Conversational Latin for Today. Really!
BEYOND LITURGICAL LATIN
In the first letter of C.S. Lewis’s Screwtape Letters, the devil Screwtape remarks to his nephew Wormwood on one of the differences between 20th-century man and men of earlier centuries. In the past “humans still knew pretty well when a thing was proved and when it was not; and if it was proved they really believed it. They…were prepared to alter their way of life as the result of a chain of reasoning. But what with the weekly press and other such weapons, we have largely altered that.”
Today people want to be convinced by being shown, not by having complicated arguments presented to them. And this is doubtless true of the subject of this article: the feasibility, even the benefits, of using Latin as a living language again. For the common assumption is that Latin died with the Romans a long time ago, or, if anyone still speaks it, it must be a few elderly men in the Vatican — a dying breed, as even the Church seldom uses that language. It’s only kept up as a kind of memory of the past, but in a decade or so even that memory will be gone.
In order to refute such an assessment, instead of making arguments about the benefits of having a universal language, or about our being united in thought and speech with our brethren of the past — instead of trying to convince people by means of such “a chain of reasoning” — I will show them by pointing to a remarkable gathering in July 1999 in North Palm Beach, Florida. For there, around 35 men, women, and children from the U.S., Mexico, Colombia, Brazil, Austria, France, Costa Rica, and the Dominican Republic spent a week studying, worshiping, and, yes, talking to one another over dinner, even joking and arguing, all in the Latin language. This event is the Cenaculum of the Familia Sancti Hieronymi, the Family of St. Jerome.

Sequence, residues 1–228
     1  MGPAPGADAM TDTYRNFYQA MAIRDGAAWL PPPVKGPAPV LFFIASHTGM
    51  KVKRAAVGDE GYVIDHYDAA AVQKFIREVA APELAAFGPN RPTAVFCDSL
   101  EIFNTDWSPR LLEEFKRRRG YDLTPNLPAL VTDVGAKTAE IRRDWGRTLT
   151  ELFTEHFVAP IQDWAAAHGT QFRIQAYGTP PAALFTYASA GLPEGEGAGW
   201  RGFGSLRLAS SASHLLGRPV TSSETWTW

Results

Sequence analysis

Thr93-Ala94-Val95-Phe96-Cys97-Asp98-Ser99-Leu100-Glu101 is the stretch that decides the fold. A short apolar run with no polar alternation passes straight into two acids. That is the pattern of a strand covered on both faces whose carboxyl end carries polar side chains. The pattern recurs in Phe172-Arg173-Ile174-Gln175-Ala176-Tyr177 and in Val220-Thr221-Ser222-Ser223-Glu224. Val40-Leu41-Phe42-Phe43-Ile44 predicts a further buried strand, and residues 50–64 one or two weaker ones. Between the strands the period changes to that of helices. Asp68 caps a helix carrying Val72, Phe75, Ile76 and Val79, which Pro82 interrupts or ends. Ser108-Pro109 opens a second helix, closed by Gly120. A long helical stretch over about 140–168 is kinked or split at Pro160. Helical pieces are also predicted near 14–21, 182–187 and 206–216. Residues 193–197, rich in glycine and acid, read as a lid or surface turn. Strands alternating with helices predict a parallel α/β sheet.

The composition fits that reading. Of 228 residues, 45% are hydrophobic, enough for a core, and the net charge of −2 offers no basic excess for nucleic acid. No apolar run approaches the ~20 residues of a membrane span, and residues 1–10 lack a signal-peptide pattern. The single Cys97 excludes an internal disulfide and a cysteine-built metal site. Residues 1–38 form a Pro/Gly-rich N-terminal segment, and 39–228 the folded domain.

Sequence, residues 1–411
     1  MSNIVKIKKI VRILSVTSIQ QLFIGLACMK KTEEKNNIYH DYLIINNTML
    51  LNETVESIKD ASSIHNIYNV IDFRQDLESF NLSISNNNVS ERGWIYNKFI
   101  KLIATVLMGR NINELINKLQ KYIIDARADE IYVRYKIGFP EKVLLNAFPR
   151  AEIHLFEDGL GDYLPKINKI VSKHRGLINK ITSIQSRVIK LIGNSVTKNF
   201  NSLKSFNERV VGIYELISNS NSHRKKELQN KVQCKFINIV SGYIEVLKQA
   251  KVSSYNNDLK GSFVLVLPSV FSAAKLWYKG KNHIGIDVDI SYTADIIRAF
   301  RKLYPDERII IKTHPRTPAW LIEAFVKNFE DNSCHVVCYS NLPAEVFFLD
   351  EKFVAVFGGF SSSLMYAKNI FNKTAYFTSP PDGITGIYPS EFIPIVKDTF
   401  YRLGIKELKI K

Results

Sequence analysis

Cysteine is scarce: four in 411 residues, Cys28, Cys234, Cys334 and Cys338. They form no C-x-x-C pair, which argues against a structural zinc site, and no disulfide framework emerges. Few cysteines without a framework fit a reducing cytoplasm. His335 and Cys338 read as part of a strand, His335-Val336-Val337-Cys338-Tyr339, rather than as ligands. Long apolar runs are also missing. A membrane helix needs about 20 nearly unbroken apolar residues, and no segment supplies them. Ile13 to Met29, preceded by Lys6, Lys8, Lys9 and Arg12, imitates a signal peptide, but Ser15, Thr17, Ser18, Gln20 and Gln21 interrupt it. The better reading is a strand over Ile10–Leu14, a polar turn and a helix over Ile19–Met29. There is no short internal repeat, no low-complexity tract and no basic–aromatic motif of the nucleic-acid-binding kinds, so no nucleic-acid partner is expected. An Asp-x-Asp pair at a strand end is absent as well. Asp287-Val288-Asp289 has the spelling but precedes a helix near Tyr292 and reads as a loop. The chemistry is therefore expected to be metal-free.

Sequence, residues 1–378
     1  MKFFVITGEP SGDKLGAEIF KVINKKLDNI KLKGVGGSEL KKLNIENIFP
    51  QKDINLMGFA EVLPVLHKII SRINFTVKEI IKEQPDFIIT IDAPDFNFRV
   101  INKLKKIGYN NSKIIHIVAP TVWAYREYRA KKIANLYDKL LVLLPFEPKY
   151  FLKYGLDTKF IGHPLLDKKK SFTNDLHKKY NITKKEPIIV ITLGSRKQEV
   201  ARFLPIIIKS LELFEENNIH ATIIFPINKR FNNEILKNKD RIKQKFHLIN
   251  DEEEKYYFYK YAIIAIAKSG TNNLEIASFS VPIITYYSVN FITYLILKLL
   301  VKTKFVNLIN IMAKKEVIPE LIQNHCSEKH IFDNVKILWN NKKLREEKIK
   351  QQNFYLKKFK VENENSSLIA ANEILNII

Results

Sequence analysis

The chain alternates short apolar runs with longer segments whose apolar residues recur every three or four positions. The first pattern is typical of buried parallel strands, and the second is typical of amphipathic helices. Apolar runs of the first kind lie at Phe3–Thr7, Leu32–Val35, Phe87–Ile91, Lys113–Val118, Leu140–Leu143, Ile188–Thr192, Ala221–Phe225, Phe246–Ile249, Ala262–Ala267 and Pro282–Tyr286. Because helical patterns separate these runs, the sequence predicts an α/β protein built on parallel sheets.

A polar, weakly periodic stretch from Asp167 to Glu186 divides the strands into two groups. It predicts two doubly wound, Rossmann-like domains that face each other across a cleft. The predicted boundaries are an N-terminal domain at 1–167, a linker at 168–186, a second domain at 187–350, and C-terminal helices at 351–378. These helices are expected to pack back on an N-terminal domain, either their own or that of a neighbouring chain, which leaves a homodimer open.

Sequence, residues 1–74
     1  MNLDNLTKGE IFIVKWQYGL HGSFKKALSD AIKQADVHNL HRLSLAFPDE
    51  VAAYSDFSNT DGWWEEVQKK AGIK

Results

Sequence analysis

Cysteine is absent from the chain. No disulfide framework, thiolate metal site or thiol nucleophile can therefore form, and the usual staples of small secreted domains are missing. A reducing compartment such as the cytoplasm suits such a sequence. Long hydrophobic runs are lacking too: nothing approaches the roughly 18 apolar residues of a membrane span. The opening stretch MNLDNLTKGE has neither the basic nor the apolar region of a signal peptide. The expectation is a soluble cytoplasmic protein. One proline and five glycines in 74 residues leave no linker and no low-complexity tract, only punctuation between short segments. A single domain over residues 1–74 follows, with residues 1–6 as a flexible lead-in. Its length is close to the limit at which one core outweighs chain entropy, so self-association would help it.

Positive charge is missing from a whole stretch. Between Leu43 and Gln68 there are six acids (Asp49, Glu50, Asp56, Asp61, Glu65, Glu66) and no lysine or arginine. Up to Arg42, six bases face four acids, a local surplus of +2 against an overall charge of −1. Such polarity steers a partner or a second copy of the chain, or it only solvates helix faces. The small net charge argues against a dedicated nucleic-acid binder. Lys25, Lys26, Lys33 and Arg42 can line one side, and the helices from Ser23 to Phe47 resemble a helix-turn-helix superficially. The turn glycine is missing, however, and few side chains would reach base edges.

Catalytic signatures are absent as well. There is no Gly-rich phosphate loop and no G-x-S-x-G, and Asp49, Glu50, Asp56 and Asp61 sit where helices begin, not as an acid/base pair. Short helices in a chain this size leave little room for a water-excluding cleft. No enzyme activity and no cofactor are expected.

The Familia is an association within the Catholic Church dedicated to extending the use of Latin as a spoken, living language, not just for liturgical use, but in academics and even as a common language for ordinary purposes. I say “extending” rather than “reviving,” for in reality Latin has always been a living language, ever since its beginnings in the ancient world. Though admittedly the number of its speakers declined over the centuries, and especially in the past forty or fifty years, there nonetheless exists an unbroken line of Latin speakers from the days of ancient Rome to today, and, moreover, these Latin speakers seem more than lively and not about to keel over and die.
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